‘Homosoc’ exhibition to show findings about LGBTI life in communist Bulgaria

Written by on September 9, 2019 in Bulgaria - Comments Off on ‘Homosoc’ exhibition to show findings about LGBTI life in communist Bulgaria

An exhibition entitled “Homosoc” is to show the realities of life for LGBTI people in Bulgaria during the country’s communist era.

The exhibition will be officially opened on September 30 at 7pm at the Port A Gallery, 5 Triaditsa Street, and will continue until October 13 inclusive. It will be open daily for visits from 11am to 7pm.

The organisers of the exhibition said that very little is known about homosexuality in Bulgaria and the regime’s attitude towards homosexual people and often the data is limited to rumours and unconfirmed gossip.

Over the past months, the GLAS (Gays and Lesbians Accepted in Society) Foundation, together with the European Cultural Foundation and the US embassy in Bulgaria, have conducted research on the subject based on a variety of sources. Historians, sociologists, students, curators and artists have taken part in the project to provide a summary of the period, the GLAS Foundation said.

The research was based on a variety of sources and focused on the 1950s and 1960s.

In an open letter made public on September 9, GLAS Foundation president Simeon Vassilev invited Kornelia Ninova, the leader of the Bulgarian Socialist Party, to attend the opening.

“Mrs. Ninova, as you say in your letter to Sofia Pride in 2018, I quote: ‘We are against violence and discrimination against everyone, including LGBTI people. They are free to choose how to live their lives’.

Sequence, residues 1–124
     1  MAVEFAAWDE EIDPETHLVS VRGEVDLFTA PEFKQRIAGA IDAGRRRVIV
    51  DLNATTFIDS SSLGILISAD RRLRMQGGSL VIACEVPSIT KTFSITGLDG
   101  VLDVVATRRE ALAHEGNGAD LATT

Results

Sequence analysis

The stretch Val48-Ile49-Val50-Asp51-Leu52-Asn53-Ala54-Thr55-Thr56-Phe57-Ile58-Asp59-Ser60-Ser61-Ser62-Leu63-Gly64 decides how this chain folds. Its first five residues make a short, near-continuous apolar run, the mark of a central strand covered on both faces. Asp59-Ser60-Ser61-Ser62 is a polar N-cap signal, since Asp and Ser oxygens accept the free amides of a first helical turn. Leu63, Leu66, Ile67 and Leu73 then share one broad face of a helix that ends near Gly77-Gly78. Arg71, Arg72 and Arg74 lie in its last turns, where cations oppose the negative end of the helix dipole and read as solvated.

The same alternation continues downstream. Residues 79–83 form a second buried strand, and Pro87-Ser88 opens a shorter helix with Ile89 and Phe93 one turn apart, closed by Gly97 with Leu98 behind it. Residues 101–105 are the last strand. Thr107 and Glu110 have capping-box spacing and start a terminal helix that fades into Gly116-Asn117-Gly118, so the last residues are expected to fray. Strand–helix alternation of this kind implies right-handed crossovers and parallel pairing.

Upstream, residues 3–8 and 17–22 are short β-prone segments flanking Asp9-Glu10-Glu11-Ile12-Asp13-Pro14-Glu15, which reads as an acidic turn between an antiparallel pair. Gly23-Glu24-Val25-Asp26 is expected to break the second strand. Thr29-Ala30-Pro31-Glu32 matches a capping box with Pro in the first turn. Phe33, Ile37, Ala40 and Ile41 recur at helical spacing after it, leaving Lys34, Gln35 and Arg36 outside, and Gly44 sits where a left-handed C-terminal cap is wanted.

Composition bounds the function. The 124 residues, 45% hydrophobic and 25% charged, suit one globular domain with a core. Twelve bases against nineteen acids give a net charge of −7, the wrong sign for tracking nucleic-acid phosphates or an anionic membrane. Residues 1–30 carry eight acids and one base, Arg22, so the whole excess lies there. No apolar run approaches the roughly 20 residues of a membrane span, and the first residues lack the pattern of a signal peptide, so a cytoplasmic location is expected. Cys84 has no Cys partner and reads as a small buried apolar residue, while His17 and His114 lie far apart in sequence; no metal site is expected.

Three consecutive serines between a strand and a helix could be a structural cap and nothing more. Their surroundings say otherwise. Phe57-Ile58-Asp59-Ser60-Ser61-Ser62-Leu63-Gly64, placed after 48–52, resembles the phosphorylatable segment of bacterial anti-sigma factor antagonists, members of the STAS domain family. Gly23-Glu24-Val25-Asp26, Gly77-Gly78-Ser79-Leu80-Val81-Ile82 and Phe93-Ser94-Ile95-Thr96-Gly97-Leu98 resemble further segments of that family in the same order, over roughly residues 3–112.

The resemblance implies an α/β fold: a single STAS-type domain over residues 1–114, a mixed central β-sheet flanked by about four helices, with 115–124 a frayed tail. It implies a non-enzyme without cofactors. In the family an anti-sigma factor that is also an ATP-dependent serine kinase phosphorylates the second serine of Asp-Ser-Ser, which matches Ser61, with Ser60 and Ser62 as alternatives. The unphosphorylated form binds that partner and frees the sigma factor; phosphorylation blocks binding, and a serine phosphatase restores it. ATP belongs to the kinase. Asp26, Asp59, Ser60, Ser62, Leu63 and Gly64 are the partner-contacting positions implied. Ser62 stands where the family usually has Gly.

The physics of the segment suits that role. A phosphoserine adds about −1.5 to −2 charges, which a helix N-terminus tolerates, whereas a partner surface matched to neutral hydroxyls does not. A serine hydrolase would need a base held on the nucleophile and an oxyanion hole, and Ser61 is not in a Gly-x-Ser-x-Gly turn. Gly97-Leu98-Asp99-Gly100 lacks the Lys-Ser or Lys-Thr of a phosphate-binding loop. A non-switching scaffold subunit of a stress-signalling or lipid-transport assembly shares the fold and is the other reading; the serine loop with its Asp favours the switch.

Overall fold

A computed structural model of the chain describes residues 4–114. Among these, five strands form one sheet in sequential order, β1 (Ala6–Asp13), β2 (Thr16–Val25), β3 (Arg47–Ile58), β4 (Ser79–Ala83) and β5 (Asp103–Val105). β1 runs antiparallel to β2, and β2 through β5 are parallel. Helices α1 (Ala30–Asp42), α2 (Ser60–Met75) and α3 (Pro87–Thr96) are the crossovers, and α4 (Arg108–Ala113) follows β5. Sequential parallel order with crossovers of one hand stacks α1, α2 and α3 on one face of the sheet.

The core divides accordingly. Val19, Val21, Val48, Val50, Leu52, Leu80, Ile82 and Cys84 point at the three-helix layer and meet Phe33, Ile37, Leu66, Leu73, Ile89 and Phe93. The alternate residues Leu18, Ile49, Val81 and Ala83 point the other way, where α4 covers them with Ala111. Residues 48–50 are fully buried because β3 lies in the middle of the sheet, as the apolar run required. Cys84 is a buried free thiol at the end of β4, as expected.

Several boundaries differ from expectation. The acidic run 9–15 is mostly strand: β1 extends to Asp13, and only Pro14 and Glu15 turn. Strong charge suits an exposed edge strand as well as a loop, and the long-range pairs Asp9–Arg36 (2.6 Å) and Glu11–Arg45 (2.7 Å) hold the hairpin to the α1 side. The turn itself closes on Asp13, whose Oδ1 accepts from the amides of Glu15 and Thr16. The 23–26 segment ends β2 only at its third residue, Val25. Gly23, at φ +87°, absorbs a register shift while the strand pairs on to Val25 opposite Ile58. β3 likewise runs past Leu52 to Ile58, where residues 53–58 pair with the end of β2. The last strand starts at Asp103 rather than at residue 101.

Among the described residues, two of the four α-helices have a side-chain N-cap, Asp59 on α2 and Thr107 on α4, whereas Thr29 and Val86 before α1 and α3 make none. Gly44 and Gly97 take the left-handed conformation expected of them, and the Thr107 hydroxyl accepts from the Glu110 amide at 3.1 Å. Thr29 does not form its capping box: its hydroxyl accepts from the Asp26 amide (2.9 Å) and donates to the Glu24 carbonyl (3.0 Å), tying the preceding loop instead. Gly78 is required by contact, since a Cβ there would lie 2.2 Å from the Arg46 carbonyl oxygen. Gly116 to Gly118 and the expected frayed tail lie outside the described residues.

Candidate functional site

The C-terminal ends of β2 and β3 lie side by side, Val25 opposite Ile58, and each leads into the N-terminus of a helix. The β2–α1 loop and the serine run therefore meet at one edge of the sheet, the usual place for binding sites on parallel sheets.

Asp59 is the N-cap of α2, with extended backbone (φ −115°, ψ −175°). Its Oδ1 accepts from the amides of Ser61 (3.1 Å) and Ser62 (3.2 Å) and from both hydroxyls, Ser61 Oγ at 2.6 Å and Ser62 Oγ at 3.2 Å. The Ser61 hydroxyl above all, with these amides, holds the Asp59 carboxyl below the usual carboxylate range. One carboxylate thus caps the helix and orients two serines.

“I would be glad for you to attend the official opening of the exhibition so that you can witness that, both under the communist regime and now, homosexuals are not free to live their lives as they choose, and discrimination against them has been and is still strong today.”

We think it is right for the Bulgarian Socialist Party (BSP), as the heir to the transformed Bulgarian Communist Party, to read this page of Bulgarian history as well. And it is not only negative. Along with the terror and the repression of the personal freedom and dignity, in 1968 Bulgaria decriminalises homosexuality, which puts it much ahead of the current liberal democracies Vassilev said.

“We hope that this example, as well as the whole exhibition, will inspire you to lead the BSP on the path of progress and to follow the European Socialist Party, which firmly stands on the side of LGBT people’s equality and personal freedom,” the letter said.

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